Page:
Defining Spirituality

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Believe it or not, it is very difficult to define spirituality. I was recently reminded of this when I participated in an on-line seminar for professional chaplains from all parts of the United States. This group struggled to find a clear, concise understanding of spirituality that we could all accept. We seemed to agree that […]

GeraldBelieve it or not, it is very difficult to define spirituality. I was recently reminded of this when I participated in an on-line seminar for professional chaplains from all parts of the United States. This group struggled to find a clear, concise understanding of spirituality that we could all accept. We seemed to agree that spirituality has to do with how and where someone finds significant meaning, hope, and inner strength for their lives, but beyond this our ideas scattered broadly. We also agreed that spirituality plays an important role in personal health and healing — positively or negatively — and for this reason a sensitive awareness of patients’ spirituality is vital in the public healthcare setting.   On more than that, though, we found it hard to achieve any consensus. . . .  

Chaplains at the North Kansas City Hospital take it for granted that every person is spiritual, meaning everyone has a spirituality. But we also take it for granted that every person expresses his or her spirituality in a uniquely personal way. Some people will express their spirituality through familiar, time-honored religious rules and rituals; others will prefer a more singular and private form of expression; some will invoke a divine being or classic philosophy as the basis for their personal belief system; others will not recognize anything more compelling than their own individual sense of right and wrong. It all falls under the general understanding of spirituality for us to the extent that it inspires, informs, and invests the person with some sense of purpose and poise – i.e., stability, security, self-control — and a moral compass for daily living.  Our chaplains strive to acknowledge, respect and empower this spirituality for the sake of patients, families and hospital staff with the desire that, by so doing, we may bring hope and healing to every life we touch.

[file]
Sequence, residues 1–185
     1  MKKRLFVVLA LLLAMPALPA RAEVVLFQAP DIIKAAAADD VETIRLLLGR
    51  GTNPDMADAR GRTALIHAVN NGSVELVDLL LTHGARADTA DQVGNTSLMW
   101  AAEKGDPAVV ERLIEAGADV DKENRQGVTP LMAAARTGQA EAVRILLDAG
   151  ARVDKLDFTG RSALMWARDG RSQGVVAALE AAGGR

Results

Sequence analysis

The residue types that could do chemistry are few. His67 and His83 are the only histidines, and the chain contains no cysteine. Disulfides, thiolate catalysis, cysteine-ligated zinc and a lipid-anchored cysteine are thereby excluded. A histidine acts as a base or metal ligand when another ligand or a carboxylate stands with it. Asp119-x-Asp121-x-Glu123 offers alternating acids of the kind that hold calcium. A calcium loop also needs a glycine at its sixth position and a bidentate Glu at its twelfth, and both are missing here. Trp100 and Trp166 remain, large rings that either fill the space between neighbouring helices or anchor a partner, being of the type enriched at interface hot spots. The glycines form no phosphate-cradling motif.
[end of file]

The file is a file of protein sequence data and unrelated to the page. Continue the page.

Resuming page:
Gerald Brown

Gerald Brown

My name is Rev. Dr. Gerald Brown and I am the Chaplain Supervisor for NKCH. I grew up in Liberty, MO and graduated from what is now Missouri State University in Springfield, MO. I did my doctoral work at the Nazarene Theological Seminary in Kansas City, MO. I have been a church pastor, not-for-profit organization executive, and a hospital chaplain. I have been on the staff at NKCH since 2004. I have been married to my wife Susan for 43 years. We have three adult children -- all of them graduates of NKC High School -- and five grandchildren. When I have free time, I enjoy reading, writing, cross stitch or needlepoint (very relaxing!) and playing the trumpet. I like the Northland because it is "home" and it has just about everything close that I might need.

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